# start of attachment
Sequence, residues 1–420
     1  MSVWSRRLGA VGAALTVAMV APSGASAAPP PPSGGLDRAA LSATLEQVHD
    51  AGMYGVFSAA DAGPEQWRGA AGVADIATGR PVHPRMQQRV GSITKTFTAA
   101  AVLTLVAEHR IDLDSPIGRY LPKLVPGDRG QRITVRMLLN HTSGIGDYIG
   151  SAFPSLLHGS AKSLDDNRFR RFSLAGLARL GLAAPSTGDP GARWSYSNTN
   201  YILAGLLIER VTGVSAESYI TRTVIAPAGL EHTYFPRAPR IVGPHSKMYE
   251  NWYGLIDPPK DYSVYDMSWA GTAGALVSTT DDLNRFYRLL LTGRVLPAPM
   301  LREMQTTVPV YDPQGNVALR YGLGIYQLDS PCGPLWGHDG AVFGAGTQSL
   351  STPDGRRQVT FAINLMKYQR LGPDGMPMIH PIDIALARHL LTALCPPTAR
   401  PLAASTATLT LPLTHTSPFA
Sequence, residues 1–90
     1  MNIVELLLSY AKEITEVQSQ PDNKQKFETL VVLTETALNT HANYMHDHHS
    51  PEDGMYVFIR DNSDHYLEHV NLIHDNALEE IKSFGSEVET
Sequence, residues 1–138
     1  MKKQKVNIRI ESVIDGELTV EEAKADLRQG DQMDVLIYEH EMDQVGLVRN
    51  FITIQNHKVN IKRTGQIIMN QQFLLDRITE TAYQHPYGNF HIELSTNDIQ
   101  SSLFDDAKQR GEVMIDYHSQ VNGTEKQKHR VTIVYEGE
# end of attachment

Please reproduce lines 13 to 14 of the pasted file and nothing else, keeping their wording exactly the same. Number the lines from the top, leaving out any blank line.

    51  PEDGMYVFIR DNSDHYLEHV NLIHDNALEE IKSFGSEVET
Sequence, residues 1–138